Sacred symbols express the Q’ero people’s intimate relationship with the earth and with all aspects of the natural and spiritual world. In this ceremonial llikya the colorful woven symbols represent “saqas tika” — the furrows, fields and flowering plants — in beautiful balance. Every mesa reflects the sacred complementary duality as lived in the Andes of Peru. Q’ero textiles are like visual poetry expressing the Q’ero people’s strong connection to Pachamama, the Apus, and all beings. Weaver Fraida Samata Huilca lives in Hapu Q’eros village, where she knelt on the ground leaning over her loom for many days to produce this bright ceremonial mestana. She used a deep maroon for the outer fields and black for the inner solid bands. The outer maroon bands feature subtle stripes, an advanced weaving technique. NOTE: the photo of those stripes makes the maroon appear lighter than the actual color. It’s actually dark and subtle. 27 x 27 inches. 68 x 68 cm.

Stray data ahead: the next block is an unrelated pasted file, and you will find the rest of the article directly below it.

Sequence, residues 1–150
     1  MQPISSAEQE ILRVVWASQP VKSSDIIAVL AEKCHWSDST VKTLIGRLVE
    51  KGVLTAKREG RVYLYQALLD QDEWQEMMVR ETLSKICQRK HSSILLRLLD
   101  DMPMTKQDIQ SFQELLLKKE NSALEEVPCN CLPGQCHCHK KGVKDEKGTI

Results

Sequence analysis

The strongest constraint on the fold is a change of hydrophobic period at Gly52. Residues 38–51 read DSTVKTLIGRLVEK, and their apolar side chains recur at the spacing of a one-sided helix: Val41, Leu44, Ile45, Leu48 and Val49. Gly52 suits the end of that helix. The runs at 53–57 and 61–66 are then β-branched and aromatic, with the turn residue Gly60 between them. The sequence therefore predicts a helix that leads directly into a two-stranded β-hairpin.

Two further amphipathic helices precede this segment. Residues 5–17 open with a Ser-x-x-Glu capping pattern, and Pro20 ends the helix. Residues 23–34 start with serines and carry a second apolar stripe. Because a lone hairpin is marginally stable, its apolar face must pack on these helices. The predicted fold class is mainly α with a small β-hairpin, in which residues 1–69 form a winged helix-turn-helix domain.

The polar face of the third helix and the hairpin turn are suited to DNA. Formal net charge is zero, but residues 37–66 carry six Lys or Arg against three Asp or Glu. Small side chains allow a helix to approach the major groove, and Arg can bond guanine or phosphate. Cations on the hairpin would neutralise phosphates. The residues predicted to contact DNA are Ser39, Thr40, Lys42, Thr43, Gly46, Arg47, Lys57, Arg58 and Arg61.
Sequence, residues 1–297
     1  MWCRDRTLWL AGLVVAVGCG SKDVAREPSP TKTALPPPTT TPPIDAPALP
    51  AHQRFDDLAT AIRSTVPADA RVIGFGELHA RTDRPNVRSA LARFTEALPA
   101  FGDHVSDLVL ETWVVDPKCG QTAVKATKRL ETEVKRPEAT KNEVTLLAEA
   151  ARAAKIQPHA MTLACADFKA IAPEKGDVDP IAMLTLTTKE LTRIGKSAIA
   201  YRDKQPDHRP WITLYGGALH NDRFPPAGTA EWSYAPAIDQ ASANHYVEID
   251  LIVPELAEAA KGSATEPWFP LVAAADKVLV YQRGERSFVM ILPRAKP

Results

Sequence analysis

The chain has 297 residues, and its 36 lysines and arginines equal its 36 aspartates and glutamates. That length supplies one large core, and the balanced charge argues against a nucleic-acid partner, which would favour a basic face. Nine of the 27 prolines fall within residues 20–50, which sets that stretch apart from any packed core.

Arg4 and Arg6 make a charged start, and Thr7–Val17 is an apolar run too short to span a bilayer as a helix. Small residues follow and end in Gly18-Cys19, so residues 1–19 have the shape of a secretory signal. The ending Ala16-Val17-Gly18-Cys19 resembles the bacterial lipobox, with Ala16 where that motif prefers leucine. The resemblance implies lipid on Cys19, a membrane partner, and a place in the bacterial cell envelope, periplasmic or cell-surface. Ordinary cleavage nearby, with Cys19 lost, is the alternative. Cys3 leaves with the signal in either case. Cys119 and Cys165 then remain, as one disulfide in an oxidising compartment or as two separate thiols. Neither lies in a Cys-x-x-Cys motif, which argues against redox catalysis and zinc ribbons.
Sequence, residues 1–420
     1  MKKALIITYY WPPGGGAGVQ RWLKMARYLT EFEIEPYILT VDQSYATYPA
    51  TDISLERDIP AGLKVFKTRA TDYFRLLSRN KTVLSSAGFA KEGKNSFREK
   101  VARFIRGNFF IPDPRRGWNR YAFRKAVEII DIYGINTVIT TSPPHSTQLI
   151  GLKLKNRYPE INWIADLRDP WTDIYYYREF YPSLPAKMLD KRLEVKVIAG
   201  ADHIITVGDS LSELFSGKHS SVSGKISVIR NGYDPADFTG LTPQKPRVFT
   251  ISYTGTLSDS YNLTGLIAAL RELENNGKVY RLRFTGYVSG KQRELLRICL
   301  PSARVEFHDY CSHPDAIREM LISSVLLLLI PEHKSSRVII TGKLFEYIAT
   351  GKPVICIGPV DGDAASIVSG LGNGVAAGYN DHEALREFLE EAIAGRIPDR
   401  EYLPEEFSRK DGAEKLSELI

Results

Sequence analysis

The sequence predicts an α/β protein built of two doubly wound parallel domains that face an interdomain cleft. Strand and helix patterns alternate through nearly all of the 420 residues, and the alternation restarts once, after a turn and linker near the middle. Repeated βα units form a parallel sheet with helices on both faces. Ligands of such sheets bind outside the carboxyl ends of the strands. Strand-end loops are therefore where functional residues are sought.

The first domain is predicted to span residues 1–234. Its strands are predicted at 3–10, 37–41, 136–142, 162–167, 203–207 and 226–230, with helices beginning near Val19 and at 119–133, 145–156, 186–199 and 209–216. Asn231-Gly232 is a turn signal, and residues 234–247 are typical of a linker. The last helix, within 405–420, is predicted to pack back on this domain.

Learn how your purchase helps the Q’ero people: Q’ero Life in the Andes: A Partnership.
To learn more about Q’ero weaving and watch them spin and weave, watch this brief video: Weaving in the Q’ero Nation.